Popular Science Monthly/Volume 82/February 1913/French Geodesy




EVERY one understands our interest in knowing the form and dimensions of our earth; but some persons will perhaps be surprised at the exactitude sought after. Is this a useless luxury? What good are the efforts so expended by the geodesist?

Should this question be put to a congressman, I suppose he would say: "I am led to believe that geodesy is one of the most useful of the sciences; because it is one of those costing us most dear." I shall try to give you an answer a little more precise.

The great works of art, those of peace as well as those of war, are not to be undertaken without long studies which save much groping, miscalculation and useless expense. These studies can only be based upon a good map. But a map will be only a valueless phantasy if constructed without basing it upon a solid framework. As well make stand a human body minus the skeleton.

Now, this framework is given us by geodesic measurements; so, without geodesy, no good map; without a good map, no great public works.

These reasons will doubtless suffice to justify much expense; but these are arguments for practical men. It is not upon these that it is proper to insist here; there are others higher and, everything considered, more important.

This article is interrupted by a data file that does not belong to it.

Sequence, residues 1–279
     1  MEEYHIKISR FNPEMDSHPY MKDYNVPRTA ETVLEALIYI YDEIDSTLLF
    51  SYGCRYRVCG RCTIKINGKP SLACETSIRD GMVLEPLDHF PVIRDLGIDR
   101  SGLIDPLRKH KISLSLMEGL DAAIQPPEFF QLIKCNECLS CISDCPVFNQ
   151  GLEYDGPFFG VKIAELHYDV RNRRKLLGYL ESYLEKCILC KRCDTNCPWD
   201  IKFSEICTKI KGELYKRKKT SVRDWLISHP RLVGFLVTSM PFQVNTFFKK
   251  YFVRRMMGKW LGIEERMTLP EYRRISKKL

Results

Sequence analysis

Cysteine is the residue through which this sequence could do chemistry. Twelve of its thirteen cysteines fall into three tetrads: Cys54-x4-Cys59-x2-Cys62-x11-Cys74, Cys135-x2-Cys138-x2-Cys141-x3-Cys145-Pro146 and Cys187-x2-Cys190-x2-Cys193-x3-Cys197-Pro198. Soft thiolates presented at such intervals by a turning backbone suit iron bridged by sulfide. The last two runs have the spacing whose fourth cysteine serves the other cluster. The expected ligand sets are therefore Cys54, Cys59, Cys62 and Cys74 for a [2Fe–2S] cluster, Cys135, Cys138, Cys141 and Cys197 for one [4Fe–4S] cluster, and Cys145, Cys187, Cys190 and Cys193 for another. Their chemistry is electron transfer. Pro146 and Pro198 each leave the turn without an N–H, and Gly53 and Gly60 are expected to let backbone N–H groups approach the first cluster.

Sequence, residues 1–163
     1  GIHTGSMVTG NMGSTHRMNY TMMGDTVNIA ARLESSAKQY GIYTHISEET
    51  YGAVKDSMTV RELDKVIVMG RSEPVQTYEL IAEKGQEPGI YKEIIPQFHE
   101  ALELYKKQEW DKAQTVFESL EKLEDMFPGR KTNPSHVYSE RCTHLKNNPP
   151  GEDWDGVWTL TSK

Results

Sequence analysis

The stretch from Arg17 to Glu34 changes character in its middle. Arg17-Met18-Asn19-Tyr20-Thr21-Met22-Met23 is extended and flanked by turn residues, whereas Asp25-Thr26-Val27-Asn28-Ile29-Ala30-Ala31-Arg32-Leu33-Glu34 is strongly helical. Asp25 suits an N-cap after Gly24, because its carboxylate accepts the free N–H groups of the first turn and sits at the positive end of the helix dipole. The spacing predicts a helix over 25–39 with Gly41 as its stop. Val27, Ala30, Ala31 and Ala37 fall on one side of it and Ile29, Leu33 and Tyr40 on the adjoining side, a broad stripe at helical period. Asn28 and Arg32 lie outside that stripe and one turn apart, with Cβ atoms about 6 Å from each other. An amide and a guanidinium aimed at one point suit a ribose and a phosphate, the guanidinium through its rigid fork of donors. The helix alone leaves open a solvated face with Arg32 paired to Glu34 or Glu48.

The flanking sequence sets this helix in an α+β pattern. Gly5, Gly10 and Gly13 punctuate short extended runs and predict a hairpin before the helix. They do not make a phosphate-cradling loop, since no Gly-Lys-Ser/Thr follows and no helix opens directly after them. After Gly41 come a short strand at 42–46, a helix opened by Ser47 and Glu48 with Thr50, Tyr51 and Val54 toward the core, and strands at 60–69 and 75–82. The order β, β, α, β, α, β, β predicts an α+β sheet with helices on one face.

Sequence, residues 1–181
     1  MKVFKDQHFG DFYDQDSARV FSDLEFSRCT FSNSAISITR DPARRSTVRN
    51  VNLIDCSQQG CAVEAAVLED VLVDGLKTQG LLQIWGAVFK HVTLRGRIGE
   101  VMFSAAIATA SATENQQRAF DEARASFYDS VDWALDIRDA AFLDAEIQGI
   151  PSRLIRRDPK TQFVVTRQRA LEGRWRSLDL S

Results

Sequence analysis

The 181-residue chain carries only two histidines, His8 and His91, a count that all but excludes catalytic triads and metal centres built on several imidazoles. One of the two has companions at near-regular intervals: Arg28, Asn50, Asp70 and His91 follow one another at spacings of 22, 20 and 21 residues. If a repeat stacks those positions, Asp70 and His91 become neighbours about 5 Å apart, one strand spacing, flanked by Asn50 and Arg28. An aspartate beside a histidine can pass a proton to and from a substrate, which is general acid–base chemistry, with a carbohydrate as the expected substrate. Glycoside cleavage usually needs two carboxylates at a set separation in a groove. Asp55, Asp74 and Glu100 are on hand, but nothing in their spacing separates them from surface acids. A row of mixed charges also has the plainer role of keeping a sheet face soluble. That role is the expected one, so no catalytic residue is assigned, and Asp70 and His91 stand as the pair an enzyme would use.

So we shall put the question otherwise: can geodesy aid us the better to know nature? Does it make us understand its unity and harmony? In reality an isolated fact is of slight value, and the conquests of science are precious only if they prepare for new conquests.

If therefore a little hump were discovered on the terrestrial ellipsoid, this discovery would be by itself of no great interest. On the other hand, it would become precious if, in seeking the cause of this hump, we hoped to penetrate new secrets.

Well, when, in the eighteenth century, Maupertuis and La Condamine braved such opposite climates, it was not solely to learn the shape of our planet, it was a question of the whole world-system.

If the earth was flattened, Newton triumphed and with him the doctrine of gravitation and the whole modern celestial mechanics.

And to-day, a century and a half after the victory of the Newtonians, think you geodesy has nothing more to teach us?

We know not what is within our globe. The shafts of mines and borings have let us know a layer of 1 or 2 kilometers thickness, that is to say, the millionth part of the total mass; but what is beneath?

Of all the extraordinary journeys dreamed by Jules Verne, perhaps that to the center of the earth took us to regions least explored.

But these deep-lying rocks we can not reach exercise from afar their attraction which operates upon the pendulum and deforms the terrestrial spheroid. Geodesy can therefore weigh them from afar, so to speak, and tell us of their distribution. Thus will it make us really see those mysterious regions which Jules Verne only showed us in imagination.

This is not an empty illusion. M. Faye, comparing all the measurements, has reached a result well calculated to surprise us. Under the oceans, in the depths, are rocks of very great density; under the continents, on the contrary, are empty spaces.